The Lesson of Laki We’d Be Crazy to IgnoreNews Abroad
tags: Iceland, volcano, Laki, Bardarbunga
Eruption of Bárðarbunga at Holuhraun, September 4, 2014
The morning of Sunday, June 8, 1783, dawned with gold light and long, soft shadows across southern Iceland. In the village of Kirkjubaejarklaustur, a picturesque town known for its 12th-century convent, people were just beginning to stir. Most were planning to attend church services, for it was Pentecostal Sunday. It looked to be a stunning day, with the high Arctic sun playing over lush pasturelands dotted with sheep and lambs, their muzzles deep in grass and summer wildflowers.
Around 9 a.m., the pastoral morning took a dark turn. An enormous black cloud appeared above the foothills to the north. Within minutes, the darkness swept across town, blocking out the sun and driving everyone indoors. The air smelled foul. Ash rained down like soot from the sky. Anyone caught outside had to grope their way home in the blackness, and those inside had to light lamps to see in the gloom.
At the time, no one knew that the source of the noxious cloud was the eruption of a new volcanic fissure, some 45 kilometers away. Later, scientists would marvel at this enormous rent in the ground and give it the name Lakagígar, or the Laki craters.
The craters would go on to erupt for eight solid months, showering ash and death across the people of southern Iceland. Lava flows buried many of the once-tranquil farms and nearly swallowed the town of Kirkjubaejarklaustur itself. Toxic ash poisoned the grass and then the livestock, leading to massive famine. Ten thousand Icelanders, or one-fifth of the country’s population, would eventually die in what came to be known as the Hardship of the Mists.
But this was not a localized calamity. The Laki eruption would have an unprecedented global impact. It poisoned the air across Europe, sending a whitish acidic fog that curled its tendrils from Iceland all the way to the continent. In England, naturalist Gilbert White wrote of the “amazing and portentous summer” of 1783, when an unnatural haze scorched blades of wheat in nearby fields. In the Netherlands, physicist S.P. van Swinden described a sulfurous stench “crawling through everything, even closed houses.” And in France, Benjamin Franklin — serving as the emissary of the new United States, to hammer out a peace treaty with England after the Revolutionary War — finally made the scientific link and proposed that a volcano in far-off Iceland was to blame.
The effects of the Laki eruption were long-ranging. Although no one knew it at the time, the volcano had spewed a veil of sulfur high into the atmosphere, where the particles spread out and acted as a sunshade to reflect sunlight back into space. Across much of the northern hemisphere, the winter of 1783-84 descended into misery. Many European rivers froze, only to unleash destructive floods in the spring thaw. Then, unexpected summer frosts wreaked havoc on crops. Laki cooled the northern hemisphere by more than a degree Celsius for several years, enough to knock society for a loop. Some scholars have linked the Laki eruption to crop failures in France, and blamed the volcano in part for the 1789 French Revolution. Laki’s cooling particles even shut down the African monsoon, the storms that bring much-needed rains to areas like the Nile valley. Starved of those waters, Egypt descended into famine. In the end, more than 1.5 million people may have died from the indirect effects of the Laki eruption.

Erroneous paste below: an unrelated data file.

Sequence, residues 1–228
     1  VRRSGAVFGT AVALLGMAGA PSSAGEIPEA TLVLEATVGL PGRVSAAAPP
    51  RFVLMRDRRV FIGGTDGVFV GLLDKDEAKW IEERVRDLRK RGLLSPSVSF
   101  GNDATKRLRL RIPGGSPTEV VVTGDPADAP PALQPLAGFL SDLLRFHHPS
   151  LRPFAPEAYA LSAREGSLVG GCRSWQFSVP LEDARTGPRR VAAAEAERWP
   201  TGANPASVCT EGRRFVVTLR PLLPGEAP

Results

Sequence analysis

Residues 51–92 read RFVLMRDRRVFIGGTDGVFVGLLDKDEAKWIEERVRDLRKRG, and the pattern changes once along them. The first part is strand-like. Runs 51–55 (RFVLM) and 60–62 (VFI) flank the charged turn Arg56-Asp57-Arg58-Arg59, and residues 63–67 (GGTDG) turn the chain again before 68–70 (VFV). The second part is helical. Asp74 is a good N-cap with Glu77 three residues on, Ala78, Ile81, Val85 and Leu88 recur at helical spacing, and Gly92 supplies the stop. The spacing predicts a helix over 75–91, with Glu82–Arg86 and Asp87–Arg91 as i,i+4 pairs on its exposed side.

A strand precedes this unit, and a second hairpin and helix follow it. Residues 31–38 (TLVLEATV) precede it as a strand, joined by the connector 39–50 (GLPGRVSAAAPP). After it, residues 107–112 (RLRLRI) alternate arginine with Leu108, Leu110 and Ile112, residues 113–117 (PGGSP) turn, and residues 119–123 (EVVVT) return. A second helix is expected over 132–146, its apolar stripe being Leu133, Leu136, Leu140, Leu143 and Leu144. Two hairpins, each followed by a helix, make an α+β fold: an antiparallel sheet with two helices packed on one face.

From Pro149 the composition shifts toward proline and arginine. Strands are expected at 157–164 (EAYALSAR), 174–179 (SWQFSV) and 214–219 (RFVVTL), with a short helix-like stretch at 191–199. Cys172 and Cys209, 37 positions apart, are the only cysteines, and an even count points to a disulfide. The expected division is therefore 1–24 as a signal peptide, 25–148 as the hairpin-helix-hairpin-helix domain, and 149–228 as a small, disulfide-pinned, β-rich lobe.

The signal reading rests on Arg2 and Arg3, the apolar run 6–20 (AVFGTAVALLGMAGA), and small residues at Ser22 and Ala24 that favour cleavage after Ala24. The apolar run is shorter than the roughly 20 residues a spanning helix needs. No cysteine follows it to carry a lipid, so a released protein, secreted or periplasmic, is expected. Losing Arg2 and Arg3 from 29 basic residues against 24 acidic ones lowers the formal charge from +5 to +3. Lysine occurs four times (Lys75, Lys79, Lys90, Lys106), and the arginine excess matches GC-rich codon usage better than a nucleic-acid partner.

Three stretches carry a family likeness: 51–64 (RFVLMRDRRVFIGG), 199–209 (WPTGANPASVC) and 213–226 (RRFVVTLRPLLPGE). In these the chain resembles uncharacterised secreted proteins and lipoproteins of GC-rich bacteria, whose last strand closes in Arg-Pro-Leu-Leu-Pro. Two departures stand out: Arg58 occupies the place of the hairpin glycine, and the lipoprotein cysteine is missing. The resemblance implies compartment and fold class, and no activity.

Environmental scientists are fond of pointing out unexpected linkages between the physical world we live in and our well-being. The Laki eruption of 1783-84 showed how a volcano in a remote part of the world can dramatically change lives everywhere, from rural Icelandic farmers to the most sophisticated capitals of Europe.
We learned this lesson again in 2010, when a different Icelandic volcano erupted, not too far from Laki. Just as Laki’s gases had drifted toward Europe, so too did ash from Eyjafjallajökull. Worried that the volcanic ash would clog jet engines, aviation officials grounded commercial flights for days, impacting 20 countries and 10 million travelers and costing the aviation industry nearly $1.7 billion.
Even today, the lessons of Laki echo around Iceland. In August, a third volcano, called Bardarbunga, began erupting along a long fissure in the ground just as Laki had done 231 years earlier. It too spewed poisonous sulfur gases. Though the Bardarbunga eruption is putting out less gas than Laki did, air pollution levels have spiked dangerously across the country, and people who are old or have breathing problems have been told to stay inside. The Bardarbunga eruption has continued for more than 100 days, and it shows no signs of stopping.
Only sheer luck has kept this latest eruption from wreaking larger havoc. Had it been a larger eruption, something on the scale of Laki in 1783, it would have made the 2010 experience look like child’s play. Imagine an entire modern continent struggling to cope with a stream of toxic gas. There is no precedent for such a volcanic medical emergency.
What Laki tells us is that not only can volcanic disaster happen again, but that it almost certainly will. This matters not only for Icelanders, or those living right next to volcanoes, who are at risk from planetary fire, but for all of us around the world.
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